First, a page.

If you allow yourself to do everything with your non-dominant hand, including the choice of colours, and just relax into the process, amazing insights can be achieved. Even more so if you can suspend judgement about the quality of the picture that emerges, remembering that it is a young child doing the drawing.

  1. Sit with your unlined paper pad on your knee in front of you. 
  2. Hold your pen or pencil in your non-dominant hand.
  3. Choose colours also with your non-dominant hand.
  4. Relax.
  5. Ask your inner child to draw a picture about a certain event in your life, and just allow it to happen.  You could ask your child to draw a picture of you, or to represent your life path – the things that happened to you, or a picture of your family, or the significant people in your life.
  6. Without looking at your paper, let your writing implement draw. 
  7. How are you doing? Amazing insights can be achieved.
  8. So much the better if you can suspend judgement about the quality of the drawing, remembering that it the young child from inside you doing the drawing.

If a physical child presented you with the drawing that you see emerging from beneath your hand, you would accept it without judgement. You would appreciate the skill of the child, given its age, and may even experience a sense of love in your heart.

child

If you can have this sense of love for your inner child in your heart, the process of opening to yourself will proceed in leaps and bounds.  It may feel strange, or even a bit silly, especially at first, so you will probably want to be quite private when you do this. (In reaching for your inner child, don’t alienate your parent or adult – they are part of you too!) Notice if you feel any differently, or whether the way you feel is perhaps coming from a slightly different place within you.

  There are many things that will help you in Sue’s book “Peace of Mind – Pathways to Successful Living”.  Download chapter 1 free now!

Are you rather restrained? Learn to be playful again!

Are you rather restrained? Learn to be playful again!

I’ve mentioned Louise Hay before in a previous blog.  One of Louise Hay’s statements that I use as an antidote to my own negativity is “I choose to make my life light and easy and joyful  If you can learn to live life this was it is easier!  Now I am writing this blog some time after the original ‘Peace of Mind’ manuscript I can testify  that ‘easier’ has become EASY AND JOYFUL!! Yippee!!!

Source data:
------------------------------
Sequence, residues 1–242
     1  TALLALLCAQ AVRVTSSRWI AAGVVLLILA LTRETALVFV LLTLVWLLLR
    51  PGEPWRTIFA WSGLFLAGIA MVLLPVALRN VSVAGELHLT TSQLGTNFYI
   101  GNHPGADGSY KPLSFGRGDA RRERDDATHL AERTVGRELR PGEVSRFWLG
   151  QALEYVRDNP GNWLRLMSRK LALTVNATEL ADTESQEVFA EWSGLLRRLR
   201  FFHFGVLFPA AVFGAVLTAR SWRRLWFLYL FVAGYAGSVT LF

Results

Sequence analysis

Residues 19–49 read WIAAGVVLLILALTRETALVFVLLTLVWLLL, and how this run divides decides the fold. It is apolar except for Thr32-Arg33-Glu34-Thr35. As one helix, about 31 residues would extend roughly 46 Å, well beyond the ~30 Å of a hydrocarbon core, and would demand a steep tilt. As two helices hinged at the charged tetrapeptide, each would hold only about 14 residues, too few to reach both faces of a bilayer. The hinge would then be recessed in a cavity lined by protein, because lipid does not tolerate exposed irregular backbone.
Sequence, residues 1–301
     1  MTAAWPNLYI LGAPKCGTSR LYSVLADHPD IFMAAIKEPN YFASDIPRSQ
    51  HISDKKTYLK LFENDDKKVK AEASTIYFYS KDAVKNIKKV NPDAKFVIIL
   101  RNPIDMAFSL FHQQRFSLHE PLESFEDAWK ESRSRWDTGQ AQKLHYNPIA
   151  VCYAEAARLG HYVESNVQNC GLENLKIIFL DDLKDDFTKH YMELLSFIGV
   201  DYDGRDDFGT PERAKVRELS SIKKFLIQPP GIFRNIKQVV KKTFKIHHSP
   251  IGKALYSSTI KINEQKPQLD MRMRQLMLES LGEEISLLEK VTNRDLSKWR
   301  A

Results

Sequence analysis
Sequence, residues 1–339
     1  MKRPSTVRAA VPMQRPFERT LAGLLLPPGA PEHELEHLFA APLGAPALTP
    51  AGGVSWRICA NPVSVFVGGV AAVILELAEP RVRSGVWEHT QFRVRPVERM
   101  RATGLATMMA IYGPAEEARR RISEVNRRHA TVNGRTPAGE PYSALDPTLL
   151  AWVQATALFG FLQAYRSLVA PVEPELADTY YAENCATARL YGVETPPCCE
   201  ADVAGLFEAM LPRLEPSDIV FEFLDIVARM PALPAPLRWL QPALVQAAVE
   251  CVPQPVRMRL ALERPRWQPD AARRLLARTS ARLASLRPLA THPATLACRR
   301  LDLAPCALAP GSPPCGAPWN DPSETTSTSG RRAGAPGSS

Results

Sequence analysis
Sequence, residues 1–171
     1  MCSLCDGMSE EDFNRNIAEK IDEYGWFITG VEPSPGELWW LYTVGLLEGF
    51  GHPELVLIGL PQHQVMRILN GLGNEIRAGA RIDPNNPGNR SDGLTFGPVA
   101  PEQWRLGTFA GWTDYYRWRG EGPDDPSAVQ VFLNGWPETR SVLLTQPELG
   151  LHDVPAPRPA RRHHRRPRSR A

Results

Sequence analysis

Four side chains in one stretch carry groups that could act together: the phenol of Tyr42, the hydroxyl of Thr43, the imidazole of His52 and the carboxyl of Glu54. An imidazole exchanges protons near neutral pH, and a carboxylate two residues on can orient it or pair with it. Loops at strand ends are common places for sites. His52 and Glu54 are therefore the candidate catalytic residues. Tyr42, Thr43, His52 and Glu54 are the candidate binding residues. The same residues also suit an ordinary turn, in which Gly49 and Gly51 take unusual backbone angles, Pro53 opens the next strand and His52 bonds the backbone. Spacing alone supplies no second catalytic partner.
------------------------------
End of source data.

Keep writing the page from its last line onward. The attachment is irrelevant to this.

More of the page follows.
Louise Hay’s web-links are below: Your Body Is Asking for Help by Louise Hay – HealYourLife and

Louise L. Hay – Internationally renowned author and Hay ...

 Play is a powerful means of communicating with children, and we can apply it to the inner part of ourselves, our child part that lives inside us all as well.  How about a project in an expressive medium? : –

drawing 2

 An Art based one on paper:

  • Drawing
  • Painting
  • Charcoal
  • felt-tips
  • pastels

drawing 1

Something which may take a little longer such as:

  • sewing
  • three dimensional collage work
  • clay work at a pottery class

sewing

How about selecting an ongoing project?  Spontaneous things can be very helpful:

  • sand play (this does amazing things for children)
  • digging in the dirt
  • gardening and is also very therapeutic, as any gardener will tell you

 gardening

Remember, the more structured and goal oriented the activity, the less the child part of you will be able to express itself spontaneously.  A short dig in a heap of soil or sand would also be most acceptable.

 There are many things that will help you in Sue’s book “Peace of Mind – Pathways to Successful Living”.  Download chapter 1 free now!

Have you sat on your playful self for years?

Have you sat on your playful self for years?

Communication

It seems both obvious and strange to suggest communicating with our inner child.  One way of doing this is by becoming aware of the little voice within, but if we have been spending a great deal of time denying our child, this may be quite difficult to do.

images

Play is a powerful means of communicating with children, and we can apply it to our child as well.  Expressive media such as art – drawing or painting, sewing, three dimensional collage work, and so on, are obvious choices, as is clay, sculpting or sand play.  Playing with sand and in the sand does amazing things for children.  It’s no accident that some people have violent reactions to sand. Some people dislike sand because it’s ‘messy’, while others don’t like the texture.  Gardening and digging in the dirt is also very therapeutic, as any gardener will tell you, although the more structured and goal oriented the activity, the less the child will be able to express it self spontaneously.

sand 2

The inner child is very much associated with creativity, and has been related to the activity of the right half of the brain. It makes sense therefore to think that by accessing what is popularly called ‘the right brain’; we are coming closer to communicating with our inner child.

sand

There are many things that will help you in Sue’s book “Peace of Mind – Pathways to Successful Living”. Download chapter 1 free now!